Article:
Thursday, November 16, 2006

White Noise-An electric storm (1968-Electronic/Experimental/Psychedelic)

Welcome to the world of the frequency shifter, signal generator and azimuth co-ordinator. A world that existed before the dawn of the synthesizer, when a 'sample'was a length of recording tape delicately and skillfully spliced in place. The 1968 "White Noise -- An Electric Storm"LP became the holy grail amongst collectors of 'Science Dimension' music, a staple ingredient for lovers of cosmic electronic space-rock. White Noise was really one David Vorhaus (b,sc,dip.elec) American born, son of a black-listed film director. He avoided the draft by coming to the UK. Later he became a post graduate doing an electronics degree at the Northern Poly whilst studying classical music playing the double bass. After having attended a lecture by the group Unit Delta Plus, Vorhaus was compelled to combine his love of music with his scientific background and start making his own music. At the time Unit Delta Plus were Brian Hodgson and Delie Derbyshire who were persuaded to collaborate with Vorhaus on his early recordings whilst they continued their day jobs at the BBC's radio phonic workshop, itself a shrine to new electronic music and birthplace of the famous Dr. Who theme. After recording two tracks on a six-revox set up all synchronised by one remote control, (i.e. the mains on/off switch), Vorhaus found himslef introduced by chance to Island Records' Chris Blackwell. Chris was so captivated by the white noise experience that he shunned their appeal for a one-off singles deal and demanded that they do a whole album of material. An instant cheque for £3,000 quenched their fears about not earning a quick buck through a hit single and our band of merry pranksters set about building theur own sonic laboratiry in London's Camden Town out of 'borrowed' gear, home made gizmos and equipment more assiciated with a scince lab than a recording studio. 'Songs' took ages to build, each note being a compilation of various tape edits painstakingly stuck together. After a year Island Records became nervous and demanded a conclusion in a matter of days which, luckily, White Noise managed to pull off. The album was released in a total vacuum. Vorhaus played no gigs and did no interviews. Word of mouth over many years caused this album to sell tens of thousands of records. Like stablemates Art and Nirvana, this album remained on catalogue deep into the seventies and became the hit of many a bedroom and sicth form commonroom. Five years after its release Vorhaus made a second album on Virgin and a third in 1980 for the Pulse label. He continues to make music, a good deal for film and television work, and threatens a new album for the nineties. One album per decade is hardly a Prince-like output but when the quality is this high does it really matter?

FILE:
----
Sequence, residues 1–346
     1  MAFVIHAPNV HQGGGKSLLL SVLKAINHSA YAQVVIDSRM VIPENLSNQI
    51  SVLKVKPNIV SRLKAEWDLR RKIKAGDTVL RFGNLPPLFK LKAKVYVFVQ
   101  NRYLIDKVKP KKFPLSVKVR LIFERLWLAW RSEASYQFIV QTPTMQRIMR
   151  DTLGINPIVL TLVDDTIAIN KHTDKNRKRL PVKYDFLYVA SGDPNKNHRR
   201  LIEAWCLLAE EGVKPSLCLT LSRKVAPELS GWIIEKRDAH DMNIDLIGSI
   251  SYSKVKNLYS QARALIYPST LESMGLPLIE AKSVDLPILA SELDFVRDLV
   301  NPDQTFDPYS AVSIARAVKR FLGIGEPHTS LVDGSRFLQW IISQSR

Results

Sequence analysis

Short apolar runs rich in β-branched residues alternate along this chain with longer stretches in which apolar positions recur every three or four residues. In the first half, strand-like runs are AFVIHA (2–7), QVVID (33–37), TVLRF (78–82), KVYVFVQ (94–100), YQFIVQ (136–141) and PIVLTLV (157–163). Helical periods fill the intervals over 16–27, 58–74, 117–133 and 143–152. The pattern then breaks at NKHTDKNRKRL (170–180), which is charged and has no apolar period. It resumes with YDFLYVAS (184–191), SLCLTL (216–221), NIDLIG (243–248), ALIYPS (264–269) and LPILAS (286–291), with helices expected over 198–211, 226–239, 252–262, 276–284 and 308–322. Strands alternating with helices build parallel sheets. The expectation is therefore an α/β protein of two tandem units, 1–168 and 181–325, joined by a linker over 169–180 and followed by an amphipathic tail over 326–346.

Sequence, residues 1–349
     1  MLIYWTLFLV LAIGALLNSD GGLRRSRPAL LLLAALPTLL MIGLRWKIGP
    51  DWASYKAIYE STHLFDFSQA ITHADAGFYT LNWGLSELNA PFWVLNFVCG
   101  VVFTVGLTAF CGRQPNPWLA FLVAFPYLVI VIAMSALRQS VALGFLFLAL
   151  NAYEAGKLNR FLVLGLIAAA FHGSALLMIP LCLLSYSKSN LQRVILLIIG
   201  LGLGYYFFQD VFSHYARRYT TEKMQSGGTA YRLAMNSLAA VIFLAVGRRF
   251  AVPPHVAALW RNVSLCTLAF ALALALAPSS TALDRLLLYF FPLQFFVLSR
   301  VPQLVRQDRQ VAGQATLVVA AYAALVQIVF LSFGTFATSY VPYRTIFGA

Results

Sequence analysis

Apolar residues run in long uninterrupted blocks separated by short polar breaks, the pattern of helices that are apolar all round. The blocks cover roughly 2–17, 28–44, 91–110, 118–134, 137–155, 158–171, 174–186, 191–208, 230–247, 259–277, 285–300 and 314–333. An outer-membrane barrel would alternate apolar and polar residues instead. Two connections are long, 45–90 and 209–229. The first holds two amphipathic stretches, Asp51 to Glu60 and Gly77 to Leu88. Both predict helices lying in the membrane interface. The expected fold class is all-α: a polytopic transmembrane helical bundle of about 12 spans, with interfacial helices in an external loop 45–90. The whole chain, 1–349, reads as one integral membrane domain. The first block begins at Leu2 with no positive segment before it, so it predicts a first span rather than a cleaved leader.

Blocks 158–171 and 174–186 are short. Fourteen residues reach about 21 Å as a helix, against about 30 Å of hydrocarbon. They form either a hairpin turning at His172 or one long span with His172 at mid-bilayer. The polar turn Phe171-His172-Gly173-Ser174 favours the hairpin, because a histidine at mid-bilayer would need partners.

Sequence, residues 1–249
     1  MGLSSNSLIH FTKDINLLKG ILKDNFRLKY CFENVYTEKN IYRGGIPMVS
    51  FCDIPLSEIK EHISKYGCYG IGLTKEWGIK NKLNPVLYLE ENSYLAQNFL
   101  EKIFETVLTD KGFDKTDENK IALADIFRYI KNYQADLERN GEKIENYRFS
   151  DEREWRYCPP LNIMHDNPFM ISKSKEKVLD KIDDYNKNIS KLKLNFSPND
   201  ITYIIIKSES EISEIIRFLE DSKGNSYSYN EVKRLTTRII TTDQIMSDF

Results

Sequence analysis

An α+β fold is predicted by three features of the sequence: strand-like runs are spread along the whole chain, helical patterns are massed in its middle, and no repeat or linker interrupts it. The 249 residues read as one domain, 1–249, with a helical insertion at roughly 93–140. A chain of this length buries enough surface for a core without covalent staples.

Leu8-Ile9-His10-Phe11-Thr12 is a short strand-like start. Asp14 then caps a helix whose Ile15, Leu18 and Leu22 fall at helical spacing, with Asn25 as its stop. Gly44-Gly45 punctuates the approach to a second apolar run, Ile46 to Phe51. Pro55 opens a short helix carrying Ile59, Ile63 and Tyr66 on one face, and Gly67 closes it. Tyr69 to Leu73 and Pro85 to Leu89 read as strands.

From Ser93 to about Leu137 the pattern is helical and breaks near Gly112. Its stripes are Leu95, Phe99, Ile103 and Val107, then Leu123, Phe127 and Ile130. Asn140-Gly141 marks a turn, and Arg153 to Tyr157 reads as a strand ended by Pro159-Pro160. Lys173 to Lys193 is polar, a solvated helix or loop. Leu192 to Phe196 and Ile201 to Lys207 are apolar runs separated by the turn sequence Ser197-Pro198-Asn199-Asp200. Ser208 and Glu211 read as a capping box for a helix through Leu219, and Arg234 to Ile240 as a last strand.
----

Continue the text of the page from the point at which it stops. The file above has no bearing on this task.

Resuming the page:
Weird Psychedelic-Electronic-Experimental Rock, you have to try it.
Its not for anyone, but deserves a listen. It's really something different.



Blogger βλαχάκι (το) said...

awesome LP, really love it!
i put recently a link for the song
"the visitation" on my blog.
keep it up :)

3:11 AM  
Blogger cinematographer said...

really nice blog you have here!
any chance of re-upping the elyse album? i've been wanting to check that one out for a long time.
keep up the great bloging,

12:13 AM  
Blogger Vlasdance said...

Hello my friend..
So much work lately i dont have time to post..
but i will try it this weekend..
Somebody deleted this..
first time someone deletes one of my posts..
i will try re-post it soon anyway..
maybe in other site..sendspace or something

1:18 AM  
Blogger tony said...

The white noise machines make a noise that looks as if the air is speeding up, or it sounds occasionally just like a ceiling fan appropriate on extremely higher velocity.

4:53 AM  

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